Fall | Soil: Grades 1-3

Replenishing: Putting the Goodness Back Into the Soil

Summary: During the growing season our soil works hard to keep our plants healthy and strong. As the growing season comes to an end and cooler weather approaches, we can help our soil get back some of the nutrients it gave to our plants.

Before Visiting the Garden: 

Gather: Shovel, rake, red clover, buckwheat, and/or rye seeds

Explore: “Convergence” by Jackson Pollack: Do you see the colors in this painting anywhere else? Pollack used a technique called drip painting, dropping paint on to the canvas off the tip of his paintbrush. When we plant a cover crop, it looks a bit like this technique.

Read: Count Down to Fall by Fran Hawk, Illustrated by Sherry Neidigh

In the Garden: 

If there is no healthy soil, there won’t be healthy plants. It’s as simple as that. We depend on our soil to produce food for us each year, so it is our job to make sure we give our soil the food it needs. A great time to give back to our soil is in the fall after we dig up our annuals, the plants that only grow one season, and clear the garden beds of leaves and debris. 


How does the garden look different in fall?

Does the soil look different than it did when we started planting in spring? 

Run your fingers through the soil. What does it feel like?

Questions to Explore:

What do you think our soil needs?

Do you think soil needs something different in the winter? 

How does soil eat “food?”

To help our plants grow, soil feeds the roots of our fruits and veggies nutrients; things like nitrogen, phosphorous and potassium—that nutrient we get from bananas! At the end of the growing season our soil is often depleted of these nutrients. If we were to plant again the next year, without for example putting any nitrogen into the soil, our plants next spring might grow smaller leaves or have very weak branches.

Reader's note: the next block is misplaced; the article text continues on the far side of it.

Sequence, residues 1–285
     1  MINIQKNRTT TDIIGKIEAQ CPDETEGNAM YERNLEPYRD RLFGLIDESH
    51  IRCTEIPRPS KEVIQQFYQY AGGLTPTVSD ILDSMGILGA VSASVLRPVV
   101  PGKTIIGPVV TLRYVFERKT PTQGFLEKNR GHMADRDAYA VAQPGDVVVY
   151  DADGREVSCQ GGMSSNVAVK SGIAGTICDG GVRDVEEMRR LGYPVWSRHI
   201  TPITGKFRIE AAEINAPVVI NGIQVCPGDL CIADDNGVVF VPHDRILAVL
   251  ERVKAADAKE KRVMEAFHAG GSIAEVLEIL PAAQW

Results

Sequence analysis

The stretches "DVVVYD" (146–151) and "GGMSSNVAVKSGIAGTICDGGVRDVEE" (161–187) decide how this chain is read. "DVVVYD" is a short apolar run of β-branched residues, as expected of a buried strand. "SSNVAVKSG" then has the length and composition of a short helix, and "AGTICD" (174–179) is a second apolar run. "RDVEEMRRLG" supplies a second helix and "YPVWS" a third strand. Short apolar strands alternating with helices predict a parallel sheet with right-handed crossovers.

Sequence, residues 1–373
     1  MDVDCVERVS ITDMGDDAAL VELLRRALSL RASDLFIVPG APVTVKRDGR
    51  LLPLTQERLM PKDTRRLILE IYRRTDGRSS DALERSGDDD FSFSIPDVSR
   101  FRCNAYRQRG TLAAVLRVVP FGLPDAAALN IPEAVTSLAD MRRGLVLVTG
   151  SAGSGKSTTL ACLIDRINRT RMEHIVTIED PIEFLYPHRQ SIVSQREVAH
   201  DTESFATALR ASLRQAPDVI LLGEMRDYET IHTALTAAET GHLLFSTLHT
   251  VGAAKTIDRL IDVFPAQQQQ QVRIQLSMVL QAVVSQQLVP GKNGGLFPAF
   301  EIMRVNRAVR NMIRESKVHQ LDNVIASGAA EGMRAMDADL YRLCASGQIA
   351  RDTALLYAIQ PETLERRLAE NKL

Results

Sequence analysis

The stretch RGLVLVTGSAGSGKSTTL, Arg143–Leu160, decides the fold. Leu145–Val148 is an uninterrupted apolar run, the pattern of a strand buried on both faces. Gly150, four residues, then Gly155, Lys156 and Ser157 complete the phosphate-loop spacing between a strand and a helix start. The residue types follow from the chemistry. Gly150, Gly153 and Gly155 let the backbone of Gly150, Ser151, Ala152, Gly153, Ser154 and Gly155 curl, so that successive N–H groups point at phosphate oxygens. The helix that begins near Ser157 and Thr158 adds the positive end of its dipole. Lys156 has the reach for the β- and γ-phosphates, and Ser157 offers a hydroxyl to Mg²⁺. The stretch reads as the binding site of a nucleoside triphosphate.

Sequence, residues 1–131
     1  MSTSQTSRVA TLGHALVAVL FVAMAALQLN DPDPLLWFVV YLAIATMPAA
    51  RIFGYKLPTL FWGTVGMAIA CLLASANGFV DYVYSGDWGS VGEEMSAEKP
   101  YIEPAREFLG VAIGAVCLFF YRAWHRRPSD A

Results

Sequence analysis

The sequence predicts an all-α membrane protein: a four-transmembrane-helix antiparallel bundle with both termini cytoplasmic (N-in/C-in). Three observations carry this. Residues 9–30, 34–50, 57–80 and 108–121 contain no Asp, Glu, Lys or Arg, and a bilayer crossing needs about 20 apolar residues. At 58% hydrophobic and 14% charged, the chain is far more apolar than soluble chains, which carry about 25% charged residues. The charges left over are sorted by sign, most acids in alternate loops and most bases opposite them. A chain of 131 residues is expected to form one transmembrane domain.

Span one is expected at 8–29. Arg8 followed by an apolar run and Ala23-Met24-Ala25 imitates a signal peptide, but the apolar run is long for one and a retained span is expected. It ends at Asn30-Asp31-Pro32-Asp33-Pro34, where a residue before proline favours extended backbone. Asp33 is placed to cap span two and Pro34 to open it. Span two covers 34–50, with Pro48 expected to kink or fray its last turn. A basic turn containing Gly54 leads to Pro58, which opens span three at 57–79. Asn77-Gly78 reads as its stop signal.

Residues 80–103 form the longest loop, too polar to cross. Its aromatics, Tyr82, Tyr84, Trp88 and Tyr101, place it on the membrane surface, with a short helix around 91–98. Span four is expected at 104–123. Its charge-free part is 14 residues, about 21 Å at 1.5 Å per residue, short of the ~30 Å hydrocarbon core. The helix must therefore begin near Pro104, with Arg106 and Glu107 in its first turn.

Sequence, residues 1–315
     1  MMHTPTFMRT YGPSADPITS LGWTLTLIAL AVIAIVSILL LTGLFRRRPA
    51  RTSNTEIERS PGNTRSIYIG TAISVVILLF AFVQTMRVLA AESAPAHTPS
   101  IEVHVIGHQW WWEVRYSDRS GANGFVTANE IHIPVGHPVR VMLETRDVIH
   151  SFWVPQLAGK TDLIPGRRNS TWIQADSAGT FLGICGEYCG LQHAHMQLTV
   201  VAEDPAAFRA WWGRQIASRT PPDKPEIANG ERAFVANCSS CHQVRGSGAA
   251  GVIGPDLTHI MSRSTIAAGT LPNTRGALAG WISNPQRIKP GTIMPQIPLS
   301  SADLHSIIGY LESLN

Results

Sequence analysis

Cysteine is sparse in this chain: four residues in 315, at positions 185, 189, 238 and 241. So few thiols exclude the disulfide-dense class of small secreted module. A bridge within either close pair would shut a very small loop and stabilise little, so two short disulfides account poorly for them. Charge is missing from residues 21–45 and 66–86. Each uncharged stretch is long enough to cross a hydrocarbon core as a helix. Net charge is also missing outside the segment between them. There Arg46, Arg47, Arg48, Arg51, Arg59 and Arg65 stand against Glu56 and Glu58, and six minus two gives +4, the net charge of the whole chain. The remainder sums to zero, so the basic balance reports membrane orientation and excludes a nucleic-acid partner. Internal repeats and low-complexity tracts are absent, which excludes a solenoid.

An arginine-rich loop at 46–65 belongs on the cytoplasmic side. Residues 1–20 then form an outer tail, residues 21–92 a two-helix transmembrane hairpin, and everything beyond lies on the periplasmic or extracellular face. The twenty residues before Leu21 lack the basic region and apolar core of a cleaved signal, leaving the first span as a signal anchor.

We can put helpful nutrients into the soil by planting something called a cover crop.

  1. Loosely rake the soil then broadcast the seeds over the bed gently covering them with a light dirt blanket. 
  2. Water and let grow. The roots of the cover crop help keep our soil from eroding, washing away, and in the spring we will turn the cover crop back into the soil to provide something called green mulch. Our soil will be healthier and our plants happier. 

Beyond the Garden | Spreading the Seed Love: 

You can make these seed truffles with extra seeds from your cover crop or use wildflower seeds and plant them in the spring. 

5 parts clay + 3 parts compost + 1 part wildflower seeds. If mix is dry add a little water. Roll into small truffle sized balls. Place on a baking sheet and dry in the sun for 24 hours. Once dry, walk the neighborhood and toss your ball into an area that needs a little plant love. 

Continue Exploring | Supporting Materials:

Info about seeds, what they grow and what they give: http://www.seedsavers.org/

Note for Parents:
Each lesson suggests you explore a piece of artwork and read a specific book with your child. The artwork and books are easily available for view with an online search. However, these suggestions are not necessary to complete the lessons.

Guiding Principles


Learning, though not always visible, is always happening. The lessons are designed using inquiry as a base. Rather than “right answers” be more concerned with asking good questions.


Things may not go as planned. The lessons are designed to be used in whatever way works best for you. You can use all of the lesson or just pull a piece out of it.


Planting and cultivating a garden is believing in possibility. The lessons are designed to generate excitement about the future.


Each lesson includes a way to take the learning out into the community for more learning and more connection.


When a young child’s innate curiosity is unleashed in a garden the possibilities are endless. Any topic is open for exploration.


You will get dirty. There will be bugs.